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Is a Korean Missile Crisis Ahead?
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To back up Defense Secretary “Mad Dog” Mattis’ warning last month, that the U.S. “remains steadfast in its commitment” to its allies, President Donald Trump is sending B-1 and B-52 bombers to Korea.

Some 300,000 South Korean and 15,000 U.S. troops have begun their annual Foal Eagle joint war exercises that run through April.

“The two sides are like two accelerating trains coming toward each other with neither side willing to give way,” says Chinese Foreign Minister Wang Yi, “Are (they) really ready for a head-on collision?”

So it would seem.

It is Kim Jong Un, 33-year-old grandson of that Stalinist state’s founding father, who launched the first Korean War, who brought on this confrontation.

In February, Kim’s half-brother was assassinated in Malaysia in a VX nerve agent attack and five of Kim’s security officials were executed with anti-aircraft guns. Monday, Kim launched four missiles toward U.S. bases, with three landing in the Sea of Japan.

U.S. response: Begin immediate deployment of the Terminal High Altitude Area Defense missile shield in Korea.

This set off alarms in China. For while THAAD cannot shoot down Scuds on the DMZ, its radar can detect missile launches inside China, thereby, says Beijing, imperiling her deterrent.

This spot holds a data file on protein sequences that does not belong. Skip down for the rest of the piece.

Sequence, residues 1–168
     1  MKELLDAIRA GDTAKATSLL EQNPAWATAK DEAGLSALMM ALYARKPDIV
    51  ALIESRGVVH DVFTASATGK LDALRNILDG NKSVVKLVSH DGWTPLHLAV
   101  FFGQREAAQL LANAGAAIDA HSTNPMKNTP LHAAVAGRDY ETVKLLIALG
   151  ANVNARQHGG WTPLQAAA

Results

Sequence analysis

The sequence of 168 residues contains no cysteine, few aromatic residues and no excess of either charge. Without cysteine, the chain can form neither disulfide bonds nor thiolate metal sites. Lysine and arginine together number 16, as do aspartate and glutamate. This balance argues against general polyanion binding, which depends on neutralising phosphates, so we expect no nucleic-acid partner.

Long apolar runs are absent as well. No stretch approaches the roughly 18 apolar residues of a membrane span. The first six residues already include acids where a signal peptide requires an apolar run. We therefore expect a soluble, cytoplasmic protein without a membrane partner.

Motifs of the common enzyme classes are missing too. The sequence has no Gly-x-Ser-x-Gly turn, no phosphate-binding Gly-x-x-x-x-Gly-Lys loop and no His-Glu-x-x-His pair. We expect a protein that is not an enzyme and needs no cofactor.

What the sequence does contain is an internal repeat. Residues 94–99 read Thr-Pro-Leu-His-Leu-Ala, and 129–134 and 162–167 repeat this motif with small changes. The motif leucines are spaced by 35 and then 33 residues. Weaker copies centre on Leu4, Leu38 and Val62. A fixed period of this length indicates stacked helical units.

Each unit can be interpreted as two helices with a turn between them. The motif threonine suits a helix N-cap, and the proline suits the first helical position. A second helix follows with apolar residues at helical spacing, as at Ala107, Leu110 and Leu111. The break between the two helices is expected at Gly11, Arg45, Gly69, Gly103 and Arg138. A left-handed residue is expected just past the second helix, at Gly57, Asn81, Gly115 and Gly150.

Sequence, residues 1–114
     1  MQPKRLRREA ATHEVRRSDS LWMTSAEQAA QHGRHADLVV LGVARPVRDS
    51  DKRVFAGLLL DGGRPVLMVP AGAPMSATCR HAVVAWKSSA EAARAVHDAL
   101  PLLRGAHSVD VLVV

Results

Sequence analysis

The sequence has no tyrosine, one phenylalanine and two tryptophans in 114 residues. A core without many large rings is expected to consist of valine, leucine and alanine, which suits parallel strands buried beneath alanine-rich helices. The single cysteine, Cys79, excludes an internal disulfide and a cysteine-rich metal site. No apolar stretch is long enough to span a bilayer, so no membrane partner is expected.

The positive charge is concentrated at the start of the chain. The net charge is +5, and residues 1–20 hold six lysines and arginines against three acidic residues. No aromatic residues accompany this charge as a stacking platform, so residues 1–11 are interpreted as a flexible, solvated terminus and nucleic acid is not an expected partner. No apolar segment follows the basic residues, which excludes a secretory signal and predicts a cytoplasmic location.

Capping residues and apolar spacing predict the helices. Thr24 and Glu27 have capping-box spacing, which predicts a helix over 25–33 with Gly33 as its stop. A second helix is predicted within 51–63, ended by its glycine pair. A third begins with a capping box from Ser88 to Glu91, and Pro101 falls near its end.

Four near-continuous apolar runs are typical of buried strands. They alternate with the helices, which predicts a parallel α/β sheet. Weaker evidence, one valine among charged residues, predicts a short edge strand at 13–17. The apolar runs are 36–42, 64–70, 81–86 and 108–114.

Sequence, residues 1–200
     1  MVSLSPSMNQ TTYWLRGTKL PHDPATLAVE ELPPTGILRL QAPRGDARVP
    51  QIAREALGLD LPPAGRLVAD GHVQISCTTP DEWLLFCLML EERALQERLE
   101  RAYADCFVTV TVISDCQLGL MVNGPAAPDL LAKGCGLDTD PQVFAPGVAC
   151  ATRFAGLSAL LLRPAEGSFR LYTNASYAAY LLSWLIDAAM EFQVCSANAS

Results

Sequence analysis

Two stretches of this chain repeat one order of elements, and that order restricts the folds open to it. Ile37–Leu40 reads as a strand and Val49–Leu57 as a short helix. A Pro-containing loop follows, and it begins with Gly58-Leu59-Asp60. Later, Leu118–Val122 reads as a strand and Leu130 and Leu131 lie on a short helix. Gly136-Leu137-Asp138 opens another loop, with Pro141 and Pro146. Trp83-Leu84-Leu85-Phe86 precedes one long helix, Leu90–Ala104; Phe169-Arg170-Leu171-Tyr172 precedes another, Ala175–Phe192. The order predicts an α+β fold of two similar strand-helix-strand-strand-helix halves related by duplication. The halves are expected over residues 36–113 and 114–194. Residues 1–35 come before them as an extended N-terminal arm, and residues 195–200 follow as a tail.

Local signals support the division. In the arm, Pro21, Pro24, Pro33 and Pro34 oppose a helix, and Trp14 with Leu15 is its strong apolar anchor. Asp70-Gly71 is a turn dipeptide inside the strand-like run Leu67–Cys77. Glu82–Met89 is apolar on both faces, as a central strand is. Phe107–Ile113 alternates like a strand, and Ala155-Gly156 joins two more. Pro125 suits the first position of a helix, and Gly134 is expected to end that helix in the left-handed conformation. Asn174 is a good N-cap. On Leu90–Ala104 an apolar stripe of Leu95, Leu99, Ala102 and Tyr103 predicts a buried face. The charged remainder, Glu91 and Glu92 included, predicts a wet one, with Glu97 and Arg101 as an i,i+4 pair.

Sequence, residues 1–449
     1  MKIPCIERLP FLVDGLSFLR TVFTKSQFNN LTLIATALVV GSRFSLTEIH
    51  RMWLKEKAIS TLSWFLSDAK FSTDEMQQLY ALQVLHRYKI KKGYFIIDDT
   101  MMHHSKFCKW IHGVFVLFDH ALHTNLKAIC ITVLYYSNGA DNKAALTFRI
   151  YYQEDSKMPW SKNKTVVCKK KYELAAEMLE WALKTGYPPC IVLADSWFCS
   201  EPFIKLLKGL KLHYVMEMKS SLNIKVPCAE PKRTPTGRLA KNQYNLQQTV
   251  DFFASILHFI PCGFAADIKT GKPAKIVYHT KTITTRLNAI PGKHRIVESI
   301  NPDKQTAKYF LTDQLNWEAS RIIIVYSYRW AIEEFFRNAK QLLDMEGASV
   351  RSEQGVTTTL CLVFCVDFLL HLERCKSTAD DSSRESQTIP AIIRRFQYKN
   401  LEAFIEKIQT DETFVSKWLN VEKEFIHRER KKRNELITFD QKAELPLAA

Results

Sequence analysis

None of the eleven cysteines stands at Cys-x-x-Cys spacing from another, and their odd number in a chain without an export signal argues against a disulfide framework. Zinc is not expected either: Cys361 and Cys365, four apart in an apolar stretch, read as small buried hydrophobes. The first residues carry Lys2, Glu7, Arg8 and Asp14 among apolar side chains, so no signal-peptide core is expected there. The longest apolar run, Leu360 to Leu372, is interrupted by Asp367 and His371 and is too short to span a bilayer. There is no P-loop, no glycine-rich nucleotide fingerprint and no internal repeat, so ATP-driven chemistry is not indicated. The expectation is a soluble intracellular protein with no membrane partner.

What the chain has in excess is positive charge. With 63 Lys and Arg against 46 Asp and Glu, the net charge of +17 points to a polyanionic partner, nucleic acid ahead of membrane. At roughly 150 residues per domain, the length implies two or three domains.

For accepting THAAD, China has imposed sanctions on Seoul, and promised the U.S. a commensurate strategic response.

Minister Wang’s proposal for resolving the crisis: The U.S. and Seoul cancel the exercises and North Korea suspends the nuclear and missile tests.

How did we reach this crisis point?

In his 2002 “axis of evil” address, George W. Bush declared, “The United States … will not permit the world’s most dangerous regimes to threaten us with the world’s most destructive weapons.”

He then launched a war on Iraq, which had no such weapons. But North Korea, hearing Bush’s threat, built and tested five atom bombs and scores of missiles, a few of intercontinental range.

Pyongyang has tested new presidents before.

In April 1969, North Korea shot down a U.S. EC-121 over the Sea of Japan, killing its entire crew. President Nixon, a war in Vietnam on his hands, let it pass, which he regretted ever after.

But this crisis raises larger questions about U.S. foreign policy.

Why, a quarter of a century after the Cold War, do we still have 28,000 troops in Korea? Not only does South Korea have twice the population of the North, but an economy 40 times as large, and access to U.S. weapons far superior to any in the North.

Why should Americans on the DMZ be among the first to die in a second Korean War? Should the North attack the South, could we not honor our treaty obligations with air and naval power offshore?

Gen. James Mattis’ warning last month was unambiguous:

“Any attack on the United States or our allies will be defeated and any use of nuclear weapons would be met with a response that would be effective and overwhelming.”

JFK’s phrase in the Cuban crisis, “full retaliatory response,” comes to mind.

Hence the next move is up to Kim.